"Passionate." "Melodious." "Operatic." "Rich." "Ambitious." "Torrid." "Inventive." "Gorgeous." "Overwhelming."
These are some of the words critics have used to describe Frank Loesser's impressive and demanding score for The Most Happy Fella, a score which has inspired Encores! to present one of our largest productions to date, featuring a 38-piece orchestra as well as a 38-member cast. Since the show's debut in 1956, much has been written about the score's heterogeneous nature: Musical comedy songs coexist with soaring, romantic arias. A grand hybrid of a show, it draws on traditions as diverse as opera and Tin Pan Alley and has provoked much debate about how exactly it should be categorized.
After his monumental success with Guys and Dolls in 1950, Loesser chose to adapt the 1924 Sidney Howard play They Knew What They Wanted, and this time he would write the libretto as well as music and lyrics. It is an imaginative adaptation; he significantly expanded the action, the locations and most notably the cast of characters, inventing Marie, the possessive sister of Tony, as well as Cleo and Herman, the lovable musical comedy secondary couple.
For the score, there's no doubt that Loesser set out to write something more than a standard musical. For starters, there is about twice as much music as you would find in a typical Broadway musical of the time. More than 25 songs are woven together with stretches of evocative underscoring, lively dance music and sung recitative. His use of recitative is a technique borrowed from the opera tradition, as is his use of trios and quartets such as "How Beautiful The Days." In his compositional style and harmonic language, he does not shy away from dissonance to serve the drama.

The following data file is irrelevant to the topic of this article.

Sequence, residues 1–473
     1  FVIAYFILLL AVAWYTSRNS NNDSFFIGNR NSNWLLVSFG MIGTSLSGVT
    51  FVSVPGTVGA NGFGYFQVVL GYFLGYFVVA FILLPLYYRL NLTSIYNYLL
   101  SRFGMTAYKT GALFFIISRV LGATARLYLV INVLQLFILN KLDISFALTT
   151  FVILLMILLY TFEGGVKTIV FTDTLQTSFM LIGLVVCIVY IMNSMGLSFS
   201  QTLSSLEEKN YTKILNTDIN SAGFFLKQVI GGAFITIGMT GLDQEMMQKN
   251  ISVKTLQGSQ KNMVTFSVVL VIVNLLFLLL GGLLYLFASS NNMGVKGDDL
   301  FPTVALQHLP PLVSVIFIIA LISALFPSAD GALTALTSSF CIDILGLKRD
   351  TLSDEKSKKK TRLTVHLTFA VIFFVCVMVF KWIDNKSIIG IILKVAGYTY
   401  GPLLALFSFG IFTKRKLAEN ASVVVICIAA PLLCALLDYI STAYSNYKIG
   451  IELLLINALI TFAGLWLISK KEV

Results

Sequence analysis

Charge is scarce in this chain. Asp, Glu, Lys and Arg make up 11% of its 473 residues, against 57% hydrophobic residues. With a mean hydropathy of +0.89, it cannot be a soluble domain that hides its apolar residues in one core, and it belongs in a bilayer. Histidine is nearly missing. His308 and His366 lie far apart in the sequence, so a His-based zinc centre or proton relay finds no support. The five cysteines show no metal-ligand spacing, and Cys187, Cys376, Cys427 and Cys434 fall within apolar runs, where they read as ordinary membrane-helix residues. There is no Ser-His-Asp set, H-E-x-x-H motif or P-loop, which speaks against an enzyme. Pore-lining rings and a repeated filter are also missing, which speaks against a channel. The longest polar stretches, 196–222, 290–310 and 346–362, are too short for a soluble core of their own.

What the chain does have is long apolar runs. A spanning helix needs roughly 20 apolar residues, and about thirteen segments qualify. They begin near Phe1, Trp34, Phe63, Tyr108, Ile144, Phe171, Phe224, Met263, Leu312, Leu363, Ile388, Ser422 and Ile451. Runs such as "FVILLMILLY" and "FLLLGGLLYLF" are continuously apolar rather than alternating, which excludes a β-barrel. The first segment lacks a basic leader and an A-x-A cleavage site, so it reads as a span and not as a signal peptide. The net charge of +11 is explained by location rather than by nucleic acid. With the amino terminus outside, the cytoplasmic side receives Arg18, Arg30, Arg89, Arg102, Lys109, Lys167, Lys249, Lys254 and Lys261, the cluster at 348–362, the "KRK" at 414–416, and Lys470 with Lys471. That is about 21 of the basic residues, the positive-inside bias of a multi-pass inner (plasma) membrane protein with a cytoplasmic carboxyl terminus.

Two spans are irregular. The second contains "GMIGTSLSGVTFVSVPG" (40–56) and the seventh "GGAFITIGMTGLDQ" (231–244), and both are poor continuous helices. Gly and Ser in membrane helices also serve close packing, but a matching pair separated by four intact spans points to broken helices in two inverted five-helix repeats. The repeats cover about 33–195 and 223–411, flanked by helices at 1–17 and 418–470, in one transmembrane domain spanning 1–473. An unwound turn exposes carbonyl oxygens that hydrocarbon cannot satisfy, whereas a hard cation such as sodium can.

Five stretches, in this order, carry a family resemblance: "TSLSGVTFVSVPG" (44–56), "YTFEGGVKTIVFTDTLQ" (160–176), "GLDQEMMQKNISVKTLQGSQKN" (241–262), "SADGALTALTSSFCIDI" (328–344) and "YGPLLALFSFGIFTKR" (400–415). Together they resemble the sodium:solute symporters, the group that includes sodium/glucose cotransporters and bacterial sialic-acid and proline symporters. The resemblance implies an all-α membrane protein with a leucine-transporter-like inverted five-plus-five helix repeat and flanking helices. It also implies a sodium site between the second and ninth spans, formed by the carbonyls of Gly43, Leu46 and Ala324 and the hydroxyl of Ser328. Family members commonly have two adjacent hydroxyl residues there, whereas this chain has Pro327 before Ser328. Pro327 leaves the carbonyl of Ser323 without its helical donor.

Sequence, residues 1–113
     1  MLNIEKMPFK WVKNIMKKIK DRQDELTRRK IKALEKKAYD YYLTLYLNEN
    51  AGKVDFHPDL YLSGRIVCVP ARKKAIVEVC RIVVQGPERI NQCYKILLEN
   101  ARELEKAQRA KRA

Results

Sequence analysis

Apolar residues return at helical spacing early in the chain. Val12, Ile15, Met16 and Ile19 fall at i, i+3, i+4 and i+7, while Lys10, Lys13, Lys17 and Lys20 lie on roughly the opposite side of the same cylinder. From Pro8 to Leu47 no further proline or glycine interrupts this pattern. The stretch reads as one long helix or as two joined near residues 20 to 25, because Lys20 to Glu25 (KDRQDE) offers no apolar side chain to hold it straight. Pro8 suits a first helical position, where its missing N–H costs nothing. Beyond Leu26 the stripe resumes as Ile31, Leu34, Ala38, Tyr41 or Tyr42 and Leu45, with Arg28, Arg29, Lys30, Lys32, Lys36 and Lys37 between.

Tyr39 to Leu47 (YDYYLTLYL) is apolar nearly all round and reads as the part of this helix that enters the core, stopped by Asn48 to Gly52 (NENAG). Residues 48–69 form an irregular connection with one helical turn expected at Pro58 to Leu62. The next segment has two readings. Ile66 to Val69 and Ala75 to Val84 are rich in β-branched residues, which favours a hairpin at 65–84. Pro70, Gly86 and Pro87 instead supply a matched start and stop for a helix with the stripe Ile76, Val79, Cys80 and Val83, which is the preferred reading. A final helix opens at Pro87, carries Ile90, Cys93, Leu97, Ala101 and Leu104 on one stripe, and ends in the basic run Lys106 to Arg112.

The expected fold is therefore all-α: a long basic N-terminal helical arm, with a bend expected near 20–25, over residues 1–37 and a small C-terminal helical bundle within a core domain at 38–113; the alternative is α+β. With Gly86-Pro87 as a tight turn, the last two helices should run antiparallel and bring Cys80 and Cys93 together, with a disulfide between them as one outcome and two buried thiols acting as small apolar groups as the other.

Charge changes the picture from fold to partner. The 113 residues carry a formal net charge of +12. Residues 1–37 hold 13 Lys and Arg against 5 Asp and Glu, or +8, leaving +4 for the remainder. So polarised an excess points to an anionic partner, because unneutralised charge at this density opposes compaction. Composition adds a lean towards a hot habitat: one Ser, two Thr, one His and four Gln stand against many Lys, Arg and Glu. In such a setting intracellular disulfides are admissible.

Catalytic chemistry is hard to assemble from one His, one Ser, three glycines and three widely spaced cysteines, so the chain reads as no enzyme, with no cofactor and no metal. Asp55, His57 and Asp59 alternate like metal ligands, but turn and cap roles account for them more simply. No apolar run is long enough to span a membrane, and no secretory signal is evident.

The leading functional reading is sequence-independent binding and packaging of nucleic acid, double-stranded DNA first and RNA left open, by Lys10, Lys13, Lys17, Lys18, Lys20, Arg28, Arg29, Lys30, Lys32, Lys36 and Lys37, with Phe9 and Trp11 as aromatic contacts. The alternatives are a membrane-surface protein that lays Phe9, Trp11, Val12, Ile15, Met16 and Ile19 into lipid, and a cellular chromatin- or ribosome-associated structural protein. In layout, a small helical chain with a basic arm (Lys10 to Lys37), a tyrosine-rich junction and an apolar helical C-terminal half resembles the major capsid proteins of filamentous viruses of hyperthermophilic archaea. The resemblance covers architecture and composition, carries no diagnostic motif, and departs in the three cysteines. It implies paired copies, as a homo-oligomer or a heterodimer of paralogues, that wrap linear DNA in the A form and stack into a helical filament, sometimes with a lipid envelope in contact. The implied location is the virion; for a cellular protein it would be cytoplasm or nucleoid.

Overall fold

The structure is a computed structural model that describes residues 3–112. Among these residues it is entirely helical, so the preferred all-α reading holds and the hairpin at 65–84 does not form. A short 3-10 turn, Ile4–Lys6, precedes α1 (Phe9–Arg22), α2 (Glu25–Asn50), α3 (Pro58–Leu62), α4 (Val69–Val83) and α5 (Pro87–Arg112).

We know we are in for a sophisticated musical evening from the outset of the overture, which is really more of an orchestral prelude than a traditional Broadway overture. It begins with an exuberant statement of a dance melody which surprises with some irregular rhythms. Quickly this buoyant mood is interrupted by a choir of French horns playing a distant echo of what will be Tony's proclamation, "I'm-a The Most Happy Fella!" From that point this orchestral introduction unfolds as a musical collage made of various themes and motifs from the score, each one interrupting and crashing into the next in a musical tug-of-war and eventually climaxing in a grand statement of one of the musical's most repeated musical themes: Tony's plea of "I want to get married!" In fact, all of the musical material heard in the overture comes from songs sung by Tony.
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